A dangerous driver is caught on camera but law enforcement says nothing can be done.
Paula Terrones was driving from Colorado Springs to Pueblo on Monday when she noticed the car in front of her swerving on I-25.
"My first thought was they were drunk or texting," Terrones told KRDO NewsChannel 13. "They could have killed somebody."
Terrones' dad, who was sitting in the passenger's seat, captured the driver on camera, weaving and nearly hitting cars for nearly 40 minutes.
Terrones said she first called the Colorado Springs Police Department's non-emergency line. She was told to call Colorado State Patrol's impaired driving line at Star-DUI (*384) or Star-CSP (*277).
When she did, she said she was told there was not a trooper available to respond. Fearful that the driver would cause an accident, Terrones then called the Pueblo Police Department and asked them if they could catch the driver in Pueblo. Again, she was directed to the CSP line.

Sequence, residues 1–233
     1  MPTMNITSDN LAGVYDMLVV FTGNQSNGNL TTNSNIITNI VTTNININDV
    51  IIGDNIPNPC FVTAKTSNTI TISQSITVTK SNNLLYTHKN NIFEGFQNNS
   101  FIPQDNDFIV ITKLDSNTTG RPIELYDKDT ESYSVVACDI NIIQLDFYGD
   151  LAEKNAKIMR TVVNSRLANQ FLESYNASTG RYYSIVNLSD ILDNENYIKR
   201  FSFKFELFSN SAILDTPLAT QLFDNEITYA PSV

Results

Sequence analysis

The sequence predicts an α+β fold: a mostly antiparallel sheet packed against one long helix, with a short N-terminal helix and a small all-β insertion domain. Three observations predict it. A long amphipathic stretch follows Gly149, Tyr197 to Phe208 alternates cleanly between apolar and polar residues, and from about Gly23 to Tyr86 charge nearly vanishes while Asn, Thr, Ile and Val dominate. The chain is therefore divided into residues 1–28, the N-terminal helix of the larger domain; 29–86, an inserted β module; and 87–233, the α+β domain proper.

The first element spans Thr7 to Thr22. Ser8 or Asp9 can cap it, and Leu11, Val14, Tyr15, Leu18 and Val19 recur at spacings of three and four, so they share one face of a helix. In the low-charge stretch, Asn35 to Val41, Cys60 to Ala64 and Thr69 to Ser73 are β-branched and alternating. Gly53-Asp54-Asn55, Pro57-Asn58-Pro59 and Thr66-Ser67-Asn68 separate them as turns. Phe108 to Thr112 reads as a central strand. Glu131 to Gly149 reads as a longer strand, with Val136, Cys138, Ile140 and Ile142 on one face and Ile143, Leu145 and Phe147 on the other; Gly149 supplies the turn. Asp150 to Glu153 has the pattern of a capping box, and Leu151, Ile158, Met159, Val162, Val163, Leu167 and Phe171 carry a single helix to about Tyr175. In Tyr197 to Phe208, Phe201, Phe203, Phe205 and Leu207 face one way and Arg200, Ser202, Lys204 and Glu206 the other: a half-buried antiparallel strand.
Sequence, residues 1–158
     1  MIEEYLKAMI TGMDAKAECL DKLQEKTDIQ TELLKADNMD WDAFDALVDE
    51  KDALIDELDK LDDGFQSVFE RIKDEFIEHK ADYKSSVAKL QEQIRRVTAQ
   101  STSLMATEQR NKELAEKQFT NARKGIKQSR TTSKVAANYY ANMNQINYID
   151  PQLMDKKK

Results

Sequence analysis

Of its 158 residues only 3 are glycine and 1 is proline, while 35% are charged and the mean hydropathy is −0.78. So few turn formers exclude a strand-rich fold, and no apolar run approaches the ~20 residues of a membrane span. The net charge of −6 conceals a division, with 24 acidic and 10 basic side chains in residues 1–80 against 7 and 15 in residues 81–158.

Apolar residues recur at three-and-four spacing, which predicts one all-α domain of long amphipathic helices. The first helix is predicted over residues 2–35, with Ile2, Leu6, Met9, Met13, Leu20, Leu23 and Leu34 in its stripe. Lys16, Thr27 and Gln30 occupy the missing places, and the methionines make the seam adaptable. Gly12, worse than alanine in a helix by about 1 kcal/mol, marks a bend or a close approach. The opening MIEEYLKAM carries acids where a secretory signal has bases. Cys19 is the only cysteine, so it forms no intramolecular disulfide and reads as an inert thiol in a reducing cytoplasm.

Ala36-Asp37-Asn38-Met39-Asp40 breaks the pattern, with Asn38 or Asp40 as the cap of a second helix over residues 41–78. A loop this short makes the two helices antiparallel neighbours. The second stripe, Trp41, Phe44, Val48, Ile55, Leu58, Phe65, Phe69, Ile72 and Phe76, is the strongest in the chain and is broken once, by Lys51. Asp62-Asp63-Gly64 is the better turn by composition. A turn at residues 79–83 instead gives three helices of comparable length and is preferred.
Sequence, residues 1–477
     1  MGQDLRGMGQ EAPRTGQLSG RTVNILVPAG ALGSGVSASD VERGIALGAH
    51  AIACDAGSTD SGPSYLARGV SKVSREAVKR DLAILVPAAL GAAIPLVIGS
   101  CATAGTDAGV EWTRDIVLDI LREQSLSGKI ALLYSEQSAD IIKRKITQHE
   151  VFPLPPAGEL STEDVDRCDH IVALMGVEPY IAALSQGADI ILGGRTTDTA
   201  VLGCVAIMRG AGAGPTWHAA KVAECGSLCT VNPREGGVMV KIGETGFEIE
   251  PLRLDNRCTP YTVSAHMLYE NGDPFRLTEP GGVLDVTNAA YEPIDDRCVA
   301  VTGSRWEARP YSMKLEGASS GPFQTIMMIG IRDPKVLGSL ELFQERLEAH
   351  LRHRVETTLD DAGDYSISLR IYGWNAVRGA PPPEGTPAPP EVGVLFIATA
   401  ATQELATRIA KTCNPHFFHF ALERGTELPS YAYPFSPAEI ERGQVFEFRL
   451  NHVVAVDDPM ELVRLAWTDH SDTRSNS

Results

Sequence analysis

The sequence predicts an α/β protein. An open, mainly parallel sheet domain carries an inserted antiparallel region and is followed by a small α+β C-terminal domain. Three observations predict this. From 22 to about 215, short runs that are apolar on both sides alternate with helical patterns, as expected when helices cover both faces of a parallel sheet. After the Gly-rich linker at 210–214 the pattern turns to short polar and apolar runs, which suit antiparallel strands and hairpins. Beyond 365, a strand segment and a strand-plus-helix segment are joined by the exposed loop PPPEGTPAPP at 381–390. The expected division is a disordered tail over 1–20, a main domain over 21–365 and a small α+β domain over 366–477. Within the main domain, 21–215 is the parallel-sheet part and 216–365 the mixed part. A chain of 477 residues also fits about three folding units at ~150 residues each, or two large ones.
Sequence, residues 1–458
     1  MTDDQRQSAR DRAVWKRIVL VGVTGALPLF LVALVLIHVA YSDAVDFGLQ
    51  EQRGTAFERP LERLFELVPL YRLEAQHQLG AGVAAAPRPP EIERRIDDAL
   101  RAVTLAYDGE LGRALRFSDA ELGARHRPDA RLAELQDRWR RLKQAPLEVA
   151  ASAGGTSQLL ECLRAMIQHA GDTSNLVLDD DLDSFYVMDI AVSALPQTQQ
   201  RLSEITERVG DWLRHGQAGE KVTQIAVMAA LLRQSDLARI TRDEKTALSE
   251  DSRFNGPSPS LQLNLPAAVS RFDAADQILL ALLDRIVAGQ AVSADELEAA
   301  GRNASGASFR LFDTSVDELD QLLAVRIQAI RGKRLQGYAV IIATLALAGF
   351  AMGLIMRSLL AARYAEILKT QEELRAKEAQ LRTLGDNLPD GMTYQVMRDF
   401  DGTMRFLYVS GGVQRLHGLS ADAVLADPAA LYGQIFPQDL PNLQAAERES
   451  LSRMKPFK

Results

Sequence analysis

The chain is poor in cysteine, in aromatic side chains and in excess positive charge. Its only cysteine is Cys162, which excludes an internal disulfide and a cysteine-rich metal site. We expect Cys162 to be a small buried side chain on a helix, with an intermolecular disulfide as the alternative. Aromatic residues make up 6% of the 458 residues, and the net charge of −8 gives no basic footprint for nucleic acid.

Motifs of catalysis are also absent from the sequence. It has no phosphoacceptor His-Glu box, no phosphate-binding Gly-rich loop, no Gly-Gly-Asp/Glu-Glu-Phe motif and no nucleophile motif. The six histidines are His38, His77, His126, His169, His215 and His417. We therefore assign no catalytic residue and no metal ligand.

“They connected me back to the State Patrol line,” Terrones said. “I spoke to the same lady again. I asked her if Pueblo police could meet us in the outskirts of Pueblo because we were headed into town and she said there were no officers available.”
A Colorado State Patrol spokesperson, Trooper Nate Reid, told KRDO NewsChannel 13 that unfortunately this happens.
“Is it the perfect way? Absolutely not,” Reid said. “If we could stop every one of these we would, but unfortunately we just don’t have the manpower to do so.”
Reid explained that after a driver is reported, the information gets stored in a database. After three reports against a driver, the driver receives a warning letter from CSP. After five, a trooper will show up at their door.
But in order for a ticket to be issued, a law enforcement officer has to see the offense. So even with video proof, the driver Terrones captured on camera can’t be cited.
Watch the video in the player above.